Flexible Man’s name is a structural description — rising on a metal frame with his boots weighted, he rocks gently if nudged — but also a statement of intent, or perhaps of faith. Ramsamoedj speaks of him as a hybrid creature, an embodiment of Suriname’s and the Caribbean’s multiple cultures. This too is a kind of flexibility, an ongoing interweaving of ethnicities and languages, histories and desires. The result is this rainbow coat, at once protecting and showing off, both hazmat suit and Carnival finery.

Eight months after SPAN, Ramsamoedj unveiled three further works in what was now a series. (He plans to make ten in all.) Caribbean Woman, the female counterpart to Flexible Man, is a kind of earth mother, with black rubber boots hinting at the agricultural labour that roots rural communities. Caribbean Soldier is armed with a sort of flail — a weapon consisting of a ball attached by a chain to a rod, designed to be swung — covered with the same strips of cloth that make up his suit of armour. But his real weapon, Ramsamoedj insists, is his “colourfulness.” This is no grim oppressor, but a guardian of hopes. Nearby, Mighty Man has a superhero’s name and the half-crouched pose of an action figure waiting to spring into a fight. Like Flexible Man, these are versions of alter ego. And — at a point in history when the idea of “the Caribbean” seems about to collapse under the burden of competing ambitions and disappointed dreams — they are a young artist’s audacious claim of belonging to an imagined Caribbean whose fractious variety is its paradoxical strength.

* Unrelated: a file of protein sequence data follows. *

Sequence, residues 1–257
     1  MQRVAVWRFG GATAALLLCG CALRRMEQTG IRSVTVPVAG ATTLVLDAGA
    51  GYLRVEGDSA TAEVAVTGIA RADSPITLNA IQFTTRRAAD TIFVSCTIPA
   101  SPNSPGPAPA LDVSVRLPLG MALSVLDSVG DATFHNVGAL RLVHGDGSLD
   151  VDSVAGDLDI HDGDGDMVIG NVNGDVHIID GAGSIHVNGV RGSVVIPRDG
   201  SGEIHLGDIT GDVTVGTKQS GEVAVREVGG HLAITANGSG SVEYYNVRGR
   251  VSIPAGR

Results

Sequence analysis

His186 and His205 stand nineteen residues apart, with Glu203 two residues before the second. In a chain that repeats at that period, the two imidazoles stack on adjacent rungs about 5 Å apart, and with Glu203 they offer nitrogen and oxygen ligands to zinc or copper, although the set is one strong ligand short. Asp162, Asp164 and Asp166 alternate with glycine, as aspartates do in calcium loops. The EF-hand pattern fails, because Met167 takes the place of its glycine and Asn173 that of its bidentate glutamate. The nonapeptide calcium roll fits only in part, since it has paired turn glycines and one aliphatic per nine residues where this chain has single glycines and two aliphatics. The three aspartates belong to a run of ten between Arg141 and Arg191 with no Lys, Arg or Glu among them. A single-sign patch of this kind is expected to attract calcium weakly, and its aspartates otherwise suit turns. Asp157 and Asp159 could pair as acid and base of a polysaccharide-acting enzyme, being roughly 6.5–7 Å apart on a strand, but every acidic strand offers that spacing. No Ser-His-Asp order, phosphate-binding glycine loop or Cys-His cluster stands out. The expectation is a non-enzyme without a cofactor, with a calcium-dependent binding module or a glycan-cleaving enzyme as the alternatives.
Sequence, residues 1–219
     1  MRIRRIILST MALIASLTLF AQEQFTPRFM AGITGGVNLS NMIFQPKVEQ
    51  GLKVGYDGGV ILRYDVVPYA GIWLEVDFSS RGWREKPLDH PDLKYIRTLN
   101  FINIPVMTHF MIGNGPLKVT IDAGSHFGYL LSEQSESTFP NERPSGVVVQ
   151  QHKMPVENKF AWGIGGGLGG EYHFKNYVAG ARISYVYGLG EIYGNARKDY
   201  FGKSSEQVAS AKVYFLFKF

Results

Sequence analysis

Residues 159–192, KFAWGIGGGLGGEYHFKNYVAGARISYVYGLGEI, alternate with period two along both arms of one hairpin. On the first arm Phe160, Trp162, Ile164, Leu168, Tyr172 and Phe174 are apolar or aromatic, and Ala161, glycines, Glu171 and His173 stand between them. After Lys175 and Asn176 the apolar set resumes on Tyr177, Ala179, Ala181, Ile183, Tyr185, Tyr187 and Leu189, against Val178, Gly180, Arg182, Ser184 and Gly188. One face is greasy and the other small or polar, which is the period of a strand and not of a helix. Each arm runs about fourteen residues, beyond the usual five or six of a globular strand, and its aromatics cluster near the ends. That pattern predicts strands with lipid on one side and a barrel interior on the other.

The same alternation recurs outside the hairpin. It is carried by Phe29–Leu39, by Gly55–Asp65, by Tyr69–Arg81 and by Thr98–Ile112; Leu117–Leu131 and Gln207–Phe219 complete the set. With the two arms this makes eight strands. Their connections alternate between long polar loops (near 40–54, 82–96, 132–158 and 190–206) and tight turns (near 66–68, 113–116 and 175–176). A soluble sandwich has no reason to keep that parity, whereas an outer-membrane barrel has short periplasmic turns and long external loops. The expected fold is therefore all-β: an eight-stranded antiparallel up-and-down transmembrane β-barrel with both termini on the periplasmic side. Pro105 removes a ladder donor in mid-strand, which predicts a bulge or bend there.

Installed in the main gallery at De Hal, a new exhibition space in Paramaribo, the three figures were surrounded by the expressionistic paintings for which Ramsamoedj is best known by his home audience. Here, too, it is tempting to discern elements of autobiography in the narrative vignettes. Ramsamoedj’s eerie domestic scenes, often set in traditional houses like his grandparents’, are populated by what he calls bigi ede people — big-heads, with swollen, hairless craniums, eyeless and earless. They represent “the face behind the mask,” he says, revealed “like you peel a fruit.” These are beings of preternatural calm and poise, seeing and hearing no evil; they have evolved past family or community conflict. They suggest an alternative version of the harmony embodied in the coats-of-many-colours of Flexible Man and his kin.

Still in the foreday of his creative career, Ramsamoedj is restlessly experimenting with medium, form, and scale, as he figures out how to make the substance of art from the facts of personal history, from mundane observations and emotions. In his body of recent work, there are times when his formal imagination and the sheer presence of some of these objects seem to outstrip his arguments. Because the work is its own argument, its own assertion. Swaying gently if nudged, Flexible Man is mouthless and speechless; but not quite silent. I make myself, he says. I am here.